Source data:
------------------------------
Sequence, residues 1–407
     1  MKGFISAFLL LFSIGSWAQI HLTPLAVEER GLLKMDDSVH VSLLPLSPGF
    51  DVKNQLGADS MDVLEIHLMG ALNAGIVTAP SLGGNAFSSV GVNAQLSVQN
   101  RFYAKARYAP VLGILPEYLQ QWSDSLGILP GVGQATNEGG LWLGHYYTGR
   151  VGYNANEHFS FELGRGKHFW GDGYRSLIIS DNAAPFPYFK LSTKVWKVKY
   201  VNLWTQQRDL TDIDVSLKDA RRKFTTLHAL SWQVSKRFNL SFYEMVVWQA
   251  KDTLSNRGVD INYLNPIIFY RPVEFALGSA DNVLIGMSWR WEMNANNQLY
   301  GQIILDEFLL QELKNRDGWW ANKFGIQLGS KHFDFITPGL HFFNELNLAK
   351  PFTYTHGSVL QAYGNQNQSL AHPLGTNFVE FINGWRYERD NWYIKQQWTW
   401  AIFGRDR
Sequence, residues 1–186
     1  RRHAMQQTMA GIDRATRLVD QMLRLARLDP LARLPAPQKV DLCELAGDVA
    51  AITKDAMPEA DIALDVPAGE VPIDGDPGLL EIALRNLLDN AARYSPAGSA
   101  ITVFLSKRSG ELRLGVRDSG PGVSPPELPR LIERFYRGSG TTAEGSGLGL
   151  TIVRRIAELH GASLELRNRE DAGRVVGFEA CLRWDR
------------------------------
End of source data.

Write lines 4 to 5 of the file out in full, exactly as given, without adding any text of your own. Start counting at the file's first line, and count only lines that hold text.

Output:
   101  RFYAKARYAP VLGILPEYLQ QWSDSLGILP GVGQATNEGG LWLGHYYTGR
   151  VGYNANEHFS FELGRGKHFW GDGYRSLIIS DNAAPFPYFK LSTKVWKVKY